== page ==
And I agree with you that we “don’t know the entire truth.”

      That’s what we’re after here: the entire truth, factual, not theoretical.

  5. D jon Davies says:

    The truth might be that our Inteligance Community just let Oswald slip through the cracks or they dropped the ball entirely or they knew he was a loose cannon and let it happen. I’m just way beyond the Oswald was set up..even with that we have no answers. Cheers.

    • jeffmorley says:

      The CIA clearly let Oswald “slip through the cracks.” For more details, you should read my piece, “Did the CIA track Oswald before JFK was killed,” which will be published on JFK Facts on Jan. 2, 2013.
      You allow the possibility that the CIA “knew Oswald was a loose cannon and let it happen.” That would constitute criminal negligence and should, of course, be acknowledged and disclosed immediately. In my recent article for theatlantic.com, “What Can We Do About JFK’s Murder?” I wrote that I think there is compelling evidence of criminal negligence in the wrongful death of JFK.

      The CIA’s continuing effort to suppress JFK-related records calls into question the CIA’s good faith on the JFK story. If you think the CIA’s position is obtuse, if not suspicious, please sign the ever-growing petition calling for release of these records.

      • I am definitely not buying the CIA and military intelligence was “negligent” in the JFK assassination.

        Nope, they were quite successful. Like Vincent Salandria, I believe the JFK assassination was an obvious murder of the president by the national security state.

        http://spot.acorn.net/jfkplace/09/fp.back_issues/27th_issue/vs_text.html

        “The JFK Assassination: A False Mystery Concealing State Crimes” by Vincent J. Salandria

        • jeffmorley says:

          I’m not asking you to buy anything, Robert. And I know what you believe. (Do you think you have not devoted enough effort to letting us know?)

          When I say “criminal negligence” I’m not expressing a moral opinion about JFK’s assasssination, I’m just describing the evidence.

          You say “conspiracy” is so perfectly self-evident that any idiot can see it (and if I don’t agree I’m an idiot). That’s not terribly persuasive mode of argument to the people who you are talking to. I happen to read the evidence in a different way.

          You insist for a big conspiracy, that JFK’s murder was orchestrated almost a matter of policy. In my view, the written record and oral histories of the period, don’t quite support that proposition (even if you include the recollections of Madeleine Brown). Your “LBJ did it” theology IMO relies on extrapolation and speculation, which by their nature are hard to verify and thus to share.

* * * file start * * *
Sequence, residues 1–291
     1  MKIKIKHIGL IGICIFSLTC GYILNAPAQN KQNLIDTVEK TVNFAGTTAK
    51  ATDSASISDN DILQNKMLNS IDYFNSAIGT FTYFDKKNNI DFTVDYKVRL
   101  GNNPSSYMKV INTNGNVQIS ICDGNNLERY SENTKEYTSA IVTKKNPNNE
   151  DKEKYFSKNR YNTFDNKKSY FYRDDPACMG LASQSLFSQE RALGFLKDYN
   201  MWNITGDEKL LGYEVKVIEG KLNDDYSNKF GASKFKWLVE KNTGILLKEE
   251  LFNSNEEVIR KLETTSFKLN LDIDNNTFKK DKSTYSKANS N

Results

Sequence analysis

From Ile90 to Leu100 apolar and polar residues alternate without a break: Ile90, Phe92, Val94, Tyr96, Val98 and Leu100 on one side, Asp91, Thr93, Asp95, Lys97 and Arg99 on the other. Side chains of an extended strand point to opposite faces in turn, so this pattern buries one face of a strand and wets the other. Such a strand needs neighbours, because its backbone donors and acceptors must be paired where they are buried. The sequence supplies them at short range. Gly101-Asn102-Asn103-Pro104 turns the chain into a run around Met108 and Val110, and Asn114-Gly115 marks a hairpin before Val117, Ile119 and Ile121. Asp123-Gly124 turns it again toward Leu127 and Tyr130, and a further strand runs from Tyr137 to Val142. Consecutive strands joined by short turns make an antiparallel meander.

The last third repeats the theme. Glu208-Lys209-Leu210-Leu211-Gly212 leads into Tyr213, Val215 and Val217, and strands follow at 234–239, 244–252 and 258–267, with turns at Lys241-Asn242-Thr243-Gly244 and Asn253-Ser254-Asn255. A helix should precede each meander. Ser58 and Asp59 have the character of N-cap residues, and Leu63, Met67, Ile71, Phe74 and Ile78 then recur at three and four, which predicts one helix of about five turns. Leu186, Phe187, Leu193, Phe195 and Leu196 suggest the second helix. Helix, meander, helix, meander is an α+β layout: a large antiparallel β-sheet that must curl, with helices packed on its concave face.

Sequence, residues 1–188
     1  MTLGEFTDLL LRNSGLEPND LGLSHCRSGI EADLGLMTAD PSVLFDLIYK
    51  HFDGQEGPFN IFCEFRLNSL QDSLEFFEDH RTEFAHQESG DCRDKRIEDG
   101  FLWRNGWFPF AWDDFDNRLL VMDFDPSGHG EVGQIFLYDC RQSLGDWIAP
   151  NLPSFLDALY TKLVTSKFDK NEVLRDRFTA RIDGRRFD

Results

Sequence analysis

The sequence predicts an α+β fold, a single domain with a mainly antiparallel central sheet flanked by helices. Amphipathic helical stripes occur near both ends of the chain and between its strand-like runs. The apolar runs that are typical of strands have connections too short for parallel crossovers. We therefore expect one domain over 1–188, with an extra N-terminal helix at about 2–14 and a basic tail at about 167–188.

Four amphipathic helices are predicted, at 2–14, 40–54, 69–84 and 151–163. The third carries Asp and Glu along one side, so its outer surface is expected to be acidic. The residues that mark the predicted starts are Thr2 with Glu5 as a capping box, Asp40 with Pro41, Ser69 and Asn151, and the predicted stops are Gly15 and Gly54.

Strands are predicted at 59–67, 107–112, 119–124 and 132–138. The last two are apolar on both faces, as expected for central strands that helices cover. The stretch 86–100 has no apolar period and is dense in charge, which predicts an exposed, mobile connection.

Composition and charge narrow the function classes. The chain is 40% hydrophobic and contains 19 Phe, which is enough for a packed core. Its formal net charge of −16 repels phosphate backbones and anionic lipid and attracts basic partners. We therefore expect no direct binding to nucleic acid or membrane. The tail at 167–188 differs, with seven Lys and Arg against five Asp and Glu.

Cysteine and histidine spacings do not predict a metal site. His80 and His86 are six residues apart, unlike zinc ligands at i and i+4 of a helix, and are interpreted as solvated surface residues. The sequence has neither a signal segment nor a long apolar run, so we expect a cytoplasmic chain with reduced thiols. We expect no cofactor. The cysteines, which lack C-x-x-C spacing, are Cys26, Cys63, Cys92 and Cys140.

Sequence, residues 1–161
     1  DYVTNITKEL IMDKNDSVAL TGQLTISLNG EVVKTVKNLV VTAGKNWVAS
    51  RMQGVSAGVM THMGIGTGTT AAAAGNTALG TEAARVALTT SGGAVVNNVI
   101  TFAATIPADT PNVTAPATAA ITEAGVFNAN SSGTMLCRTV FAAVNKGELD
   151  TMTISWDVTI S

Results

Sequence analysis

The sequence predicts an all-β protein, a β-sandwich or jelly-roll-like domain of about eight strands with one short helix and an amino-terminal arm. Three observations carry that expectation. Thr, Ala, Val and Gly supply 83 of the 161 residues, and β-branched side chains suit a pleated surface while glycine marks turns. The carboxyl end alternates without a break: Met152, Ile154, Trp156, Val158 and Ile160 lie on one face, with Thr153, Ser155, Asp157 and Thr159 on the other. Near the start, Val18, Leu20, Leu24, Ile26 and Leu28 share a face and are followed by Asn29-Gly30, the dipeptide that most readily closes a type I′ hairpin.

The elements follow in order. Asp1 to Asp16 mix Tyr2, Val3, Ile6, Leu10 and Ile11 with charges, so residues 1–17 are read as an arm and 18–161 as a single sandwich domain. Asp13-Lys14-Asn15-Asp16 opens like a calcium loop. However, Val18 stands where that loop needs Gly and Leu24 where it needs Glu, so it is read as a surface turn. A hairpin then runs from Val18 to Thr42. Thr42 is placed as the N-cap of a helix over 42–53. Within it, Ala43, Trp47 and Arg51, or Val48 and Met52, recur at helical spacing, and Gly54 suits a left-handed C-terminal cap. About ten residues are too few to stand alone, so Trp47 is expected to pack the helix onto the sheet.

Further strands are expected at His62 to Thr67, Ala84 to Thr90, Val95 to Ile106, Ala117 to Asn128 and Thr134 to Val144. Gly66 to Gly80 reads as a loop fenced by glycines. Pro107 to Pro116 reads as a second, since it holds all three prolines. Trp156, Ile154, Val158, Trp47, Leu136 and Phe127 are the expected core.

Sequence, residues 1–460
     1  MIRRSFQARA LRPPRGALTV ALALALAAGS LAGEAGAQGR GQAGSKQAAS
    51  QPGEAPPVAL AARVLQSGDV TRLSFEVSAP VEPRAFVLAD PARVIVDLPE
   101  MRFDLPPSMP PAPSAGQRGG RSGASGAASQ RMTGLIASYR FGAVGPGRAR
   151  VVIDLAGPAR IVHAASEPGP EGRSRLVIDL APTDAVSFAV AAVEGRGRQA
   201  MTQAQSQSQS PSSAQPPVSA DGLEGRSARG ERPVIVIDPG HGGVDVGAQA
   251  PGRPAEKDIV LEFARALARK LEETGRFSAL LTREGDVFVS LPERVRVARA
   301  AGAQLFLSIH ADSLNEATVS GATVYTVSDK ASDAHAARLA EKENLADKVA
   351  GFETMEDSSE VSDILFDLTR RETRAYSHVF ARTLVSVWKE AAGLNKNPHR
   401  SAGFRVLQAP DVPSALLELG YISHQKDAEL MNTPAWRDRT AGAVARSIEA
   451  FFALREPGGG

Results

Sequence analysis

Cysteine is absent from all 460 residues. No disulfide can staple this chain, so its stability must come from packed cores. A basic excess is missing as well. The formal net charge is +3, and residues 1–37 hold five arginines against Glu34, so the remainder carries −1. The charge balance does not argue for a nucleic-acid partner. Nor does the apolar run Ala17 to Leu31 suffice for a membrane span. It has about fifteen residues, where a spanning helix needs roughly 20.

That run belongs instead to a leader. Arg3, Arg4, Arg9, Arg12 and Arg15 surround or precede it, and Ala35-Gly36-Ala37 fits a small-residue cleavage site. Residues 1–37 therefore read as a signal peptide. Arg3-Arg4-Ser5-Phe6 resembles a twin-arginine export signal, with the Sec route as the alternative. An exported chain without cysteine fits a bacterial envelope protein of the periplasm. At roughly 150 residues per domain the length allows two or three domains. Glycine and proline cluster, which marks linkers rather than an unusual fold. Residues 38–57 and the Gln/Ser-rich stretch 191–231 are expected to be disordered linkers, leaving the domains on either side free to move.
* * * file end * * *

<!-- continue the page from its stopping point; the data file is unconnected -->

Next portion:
So sue me, but I happen to think the concept of “criminal negligence” fits the evidence better. It’s more likely to persuade a jury of my peers.

  6. Andy in Oregon says:

    I was 12 years old and in the 7th grade at a Catholic school in Tulsa, Oklahoma the day JFK was assassinated. I was also a newspaper delivery carrier for The Tulsa Tribune, the evening newspaper in Tulsa. It’s now defunct, of course. But I still have the copy of the Friday, November 22nd, 1963 “stop the presses” run that described what they knew at that point. The evening paper tells a lot of details about the event.

    Keep in mind, this was in the age before computers. All the typing and typesetting had to be done by hand. They had already almost run the evening edition, but they “stopped the presses” and reran the updated version, announcing his death at 1:00pm.

    By 5:00pm, I had my bundle of newspapers at the paper stop. I lived way out in the suburbs on the fringe of the city.

    The amount of detail they had in such a short amount of time is incredible.

    Remember, everything was done manually in those days. The teletype from the Dallas reporters had to be received, typed up, typeset, printed, bundled, addressed to us carriers, then trucked to us.

    I finished my deliveries about 7:00pm that night. Normally I was done delivering the paper by 5:30pm every day.

    I had never seen Catholic Nuns cry until that day and never saw it again.

    We had no school the following Monday, either.